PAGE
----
A New York court recently held that a general release releasing claims “whether known or unknown” covered fraud claims of which the plaintiffs were unaware when they entered into the release.  In Kafa Investments, LLC v. 2170-2178 Broadway, LLC, 958 N.Y.S.2d 577 (Sup. Ct., N.Y. Cty. Jan. 22, 2013), former members of a limited liability company (“LLC”) sued for breach of fiduciary duty, breach of the duty of good faith and loyalty, fraudulent inducement, intentional misrepresentation, and unjust enrichment.  The plaintiffs alleged that they had agreed to take $5.2 million in exchange for their interests based on the defendants’ representation that the LLC was worth $125 million; according to the plaintiffs, the defendants knew that a hotel owned by the LLC was actually worth much more.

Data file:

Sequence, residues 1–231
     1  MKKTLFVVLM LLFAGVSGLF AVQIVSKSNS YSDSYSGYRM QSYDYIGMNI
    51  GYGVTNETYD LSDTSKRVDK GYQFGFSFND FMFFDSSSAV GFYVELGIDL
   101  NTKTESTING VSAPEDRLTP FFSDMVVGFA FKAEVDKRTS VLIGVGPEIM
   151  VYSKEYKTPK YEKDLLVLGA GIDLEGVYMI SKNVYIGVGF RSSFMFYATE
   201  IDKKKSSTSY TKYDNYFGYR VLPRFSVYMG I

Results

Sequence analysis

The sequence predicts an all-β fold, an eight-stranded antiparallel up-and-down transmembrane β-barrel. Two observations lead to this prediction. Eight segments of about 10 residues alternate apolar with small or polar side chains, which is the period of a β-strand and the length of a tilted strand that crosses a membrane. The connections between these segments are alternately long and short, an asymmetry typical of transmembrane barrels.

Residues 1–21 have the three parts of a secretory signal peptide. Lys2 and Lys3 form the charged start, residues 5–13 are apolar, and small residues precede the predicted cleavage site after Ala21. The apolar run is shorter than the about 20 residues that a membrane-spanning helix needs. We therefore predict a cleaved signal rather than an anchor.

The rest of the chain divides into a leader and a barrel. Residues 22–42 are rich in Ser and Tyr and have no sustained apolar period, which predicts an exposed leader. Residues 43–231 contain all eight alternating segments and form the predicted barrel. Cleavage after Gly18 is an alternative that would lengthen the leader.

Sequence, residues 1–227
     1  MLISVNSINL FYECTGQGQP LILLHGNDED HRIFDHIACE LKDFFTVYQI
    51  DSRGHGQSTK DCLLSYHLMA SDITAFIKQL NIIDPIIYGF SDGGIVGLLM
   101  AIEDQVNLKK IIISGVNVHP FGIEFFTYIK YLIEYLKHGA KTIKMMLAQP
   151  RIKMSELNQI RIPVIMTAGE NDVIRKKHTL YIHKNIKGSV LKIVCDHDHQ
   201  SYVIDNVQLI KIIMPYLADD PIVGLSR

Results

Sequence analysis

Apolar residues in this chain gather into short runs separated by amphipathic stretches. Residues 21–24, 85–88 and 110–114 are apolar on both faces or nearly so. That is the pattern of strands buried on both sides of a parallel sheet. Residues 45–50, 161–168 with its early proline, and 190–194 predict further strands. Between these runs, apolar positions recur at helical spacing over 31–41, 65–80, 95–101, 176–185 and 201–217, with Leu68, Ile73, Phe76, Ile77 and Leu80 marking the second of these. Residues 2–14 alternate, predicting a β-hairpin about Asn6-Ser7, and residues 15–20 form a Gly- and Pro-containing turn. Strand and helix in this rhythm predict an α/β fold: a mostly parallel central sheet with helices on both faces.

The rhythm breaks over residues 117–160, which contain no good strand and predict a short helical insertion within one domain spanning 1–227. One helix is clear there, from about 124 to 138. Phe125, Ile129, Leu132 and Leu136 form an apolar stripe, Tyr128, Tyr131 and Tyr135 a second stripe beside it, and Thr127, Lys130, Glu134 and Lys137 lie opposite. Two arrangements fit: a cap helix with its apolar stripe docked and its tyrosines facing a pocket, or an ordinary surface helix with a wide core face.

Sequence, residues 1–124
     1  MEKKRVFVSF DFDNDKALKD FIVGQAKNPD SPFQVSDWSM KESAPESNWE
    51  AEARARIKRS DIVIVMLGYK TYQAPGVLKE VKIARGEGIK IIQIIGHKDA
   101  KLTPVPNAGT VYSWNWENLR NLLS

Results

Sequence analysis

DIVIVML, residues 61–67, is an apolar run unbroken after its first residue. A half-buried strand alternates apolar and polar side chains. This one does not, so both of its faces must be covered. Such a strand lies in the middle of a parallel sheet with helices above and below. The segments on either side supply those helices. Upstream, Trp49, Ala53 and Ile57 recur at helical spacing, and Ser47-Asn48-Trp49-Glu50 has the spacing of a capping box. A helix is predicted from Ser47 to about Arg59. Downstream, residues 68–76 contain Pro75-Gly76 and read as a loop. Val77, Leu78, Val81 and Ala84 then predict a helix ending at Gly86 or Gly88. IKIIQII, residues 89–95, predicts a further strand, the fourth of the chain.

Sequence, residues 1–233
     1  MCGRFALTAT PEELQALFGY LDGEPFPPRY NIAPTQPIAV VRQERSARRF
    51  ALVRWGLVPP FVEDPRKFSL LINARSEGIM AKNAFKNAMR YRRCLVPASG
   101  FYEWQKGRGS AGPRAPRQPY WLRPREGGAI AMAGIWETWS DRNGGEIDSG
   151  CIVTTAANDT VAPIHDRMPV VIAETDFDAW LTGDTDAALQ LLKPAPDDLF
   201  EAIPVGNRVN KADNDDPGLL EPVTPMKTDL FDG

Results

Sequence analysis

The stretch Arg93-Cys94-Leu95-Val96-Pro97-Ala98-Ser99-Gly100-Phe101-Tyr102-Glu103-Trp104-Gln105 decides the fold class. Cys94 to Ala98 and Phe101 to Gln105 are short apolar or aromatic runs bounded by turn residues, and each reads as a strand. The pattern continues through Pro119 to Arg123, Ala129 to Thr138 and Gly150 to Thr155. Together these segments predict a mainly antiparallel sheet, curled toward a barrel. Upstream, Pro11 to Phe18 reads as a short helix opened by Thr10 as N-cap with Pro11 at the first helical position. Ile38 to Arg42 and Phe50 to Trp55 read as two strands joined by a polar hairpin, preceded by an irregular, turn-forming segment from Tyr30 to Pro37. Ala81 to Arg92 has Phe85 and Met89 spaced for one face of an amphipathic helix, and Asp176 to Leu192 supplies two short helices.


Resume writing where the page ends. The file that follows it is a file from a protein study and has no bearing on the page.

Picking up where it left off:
The defendants moved for summary judgment, arguing that a release entered into in connection with the redemption of the plaintiffs’ interests barred their claims.  In opposition, the plaintiffs argued that the release did not apply because they were unaware of any potential fraud claims when they entered into the release and because they had a fiduciary relationship with the defendants at the time.

The Court ruled in favor of the defendants.  Citing cases including Serbin v. Rodman Principal Investments, LLC, 87 A.D.3d 870, 929 N.Y.S.2d 136 (1st Dep’t 2011), in which Wilk Auslander LLP represented the prevailing parties, the Court noted that it was obligated to interpret the release’s language according to its terms.  The Court went on to hold that the release barred the plaintiffs’ claims, stating that “the fraud described in the Complaint falls squarely within the scope of the release and there are no allegations that a separate fraud was perpetrated to induce the signing of the release.”  Nor could the plaintiffs – sophisticated parties represented by sophisticated counsel – invalidate the release based on the parties’ fiduciary relationship, the Court held.

The plaintiffs filed a notice of appeal on February 20, 2013.